The previous blog post compared and contrasted a handful of European school shootings with American ones and found that there was not much difference in the motivations and actions of perpetrators. This post will follow up on that looking at the aftermath of school shootings across different cultures.
Starting with European incidents, the Jokela school shooting in 2007 was discussed at length in a blog post published on the 25th of September 2017. The aftermath of this school shooting involved a number of recommendations centring on creating a better school environment and helping students: improving student welfare and ensuring the relevant authorities (e.g. social work) cooperate; clarifying mental health disorders such as adolescent anxiety; devising and implementing school safety plans; formulating programs to tackle bullying. More importantly, a report by the Ministry of Justice in Finland acknowledged that the perpetrator ‘copied school killings perpetrated in the USA’ with his use of a firearm with him being a legal gun owner. Recommendations, therefore, centred on more stringent checking of who is permitted to have a gun permit and greater use of fixed-term permits. Another point raised in this report was the fact that the perpetrator engaged in online discussions about school shootings prior to his attack and also used the internet to promote his manifesto. It was advised that administrators of online communities should stage interventions in such cases and moderate content more closely. Looking at the German Winnenden school shooting (2009) finds that this lead to the passage of gun legislation intended to improve handgun security: a nation-wide registry of gun owners, increased age limits for purchasing guns and unannounced inspections at homes to check guns were stored securely. Since the perpetrator stole his firearm from his father, this case also led to a lawsuit being filed against the father. As it transpired, his father was found guilty of involuntary homicide caused by negligence with a weapon. Another example was the Dunblane school shooting in the United Kingdom in 1996, which led to a more or less ‘blanket ban’ on handguns in the UK. Current gun owners were encouraged to return their guns after the 1997 law was passed and the criteria on who was allowed to own a gun became very strict, with people requiring a valid reason for doing so.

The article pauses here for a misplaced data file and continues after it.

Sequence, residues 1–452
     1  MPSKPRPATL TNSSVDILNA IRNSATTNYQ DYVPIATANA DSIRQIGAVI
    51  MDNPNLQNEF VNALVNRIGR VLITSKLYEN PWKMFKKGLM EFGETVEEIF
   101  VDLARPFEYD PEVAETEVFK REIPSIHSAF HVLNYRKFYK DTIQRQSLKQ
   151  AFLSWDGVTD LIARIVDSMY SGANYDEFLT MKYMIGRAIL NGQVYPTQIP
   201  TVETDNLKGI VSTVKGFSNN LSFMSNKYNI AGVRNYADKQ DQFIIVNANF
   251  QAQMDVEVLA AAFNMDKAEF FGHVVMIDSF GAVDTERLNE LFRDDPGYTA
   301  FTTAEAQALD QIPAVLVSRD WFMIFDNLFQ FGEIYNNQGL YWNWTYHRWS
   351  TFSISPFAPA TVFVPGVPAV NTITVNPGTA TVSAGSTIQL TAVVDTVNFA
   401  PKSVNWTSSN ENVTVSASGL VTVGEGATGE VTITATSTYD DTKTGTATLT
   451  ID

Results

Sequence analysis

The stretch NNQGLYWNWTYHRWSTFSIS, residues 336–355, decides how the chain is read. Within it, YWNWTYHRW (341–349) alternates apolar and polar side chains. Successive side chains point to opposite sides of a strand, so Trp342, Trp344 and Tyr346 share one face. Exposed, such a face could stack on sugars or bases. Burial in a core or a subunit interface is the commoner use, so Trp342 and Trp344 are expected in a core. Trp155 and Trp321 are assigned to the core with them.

Looking at the United States now finds that earlier school shootings in the 1990s (e.g. Heath High School, Pearl High School, Westside Middle School) led to a ‘Conference on School Safety’ held at the White House in 1998. Responses centred on anti-bullying programs, reducing youth violence more generally, greater parental involvement and creating networks of support within the community. When the Columbine school shooting occurred in 1999, this expanded the scope for debate to violent entertainment media, ‘goth culture’ and gun laws. There were some provisions in place regulating violent media for a while and schools began developing emergency management plans to deal with active shooter incidents. Zero tolerance disciplinary measures were also implemented across a number of schools for carrying weapons, wearing certain types of clothing or any other action deemed ‘risky.’ Proposals were raised around children and guns but these never gained traction in Congress. The main changes to guns came at the state-level following Columbine. School shootings since then have resulted in changes to mental health laws and some restrictions on guns at the state-level. Similar to the Winnenden school shooting, some incidents in the United States have resulted in the parents of victims filing lawsuits against the parents of the perpetrators (e.g. Columbine) or in some cases other targets like the film industry on the basis of it influencing the actions of the shooter (e.g. Heath High School).
Contrasting the responses to school shootings across cultures is indicative of the differences. The motivations of school shooters are rooted in feelings of marginalisation, possibly being bullied and the need to get ‘revenge’ against the institution, no matter which country the attack took place in. When it comes to the aftermath, however, European countries have taken overt steps to tighten gun laws in response to school shooting incidents. In the United States, this has not really been the case for the entire nation; any gun restrictions have arisen at the state-level only. The similarities between the U.S. and European countries have been to improve the school culture and provide assistance to students who are struggling with mental health or other personal problems. In ensuring that responses to school shootings help to avert and negate future attacks, countries should try working together and sharing strategies about what has worked best for them.
[This post was put together by reading about cases in Europe and the United States. The next blog will continue the global theme by examining patterns and motivations in Canadian school shootings.]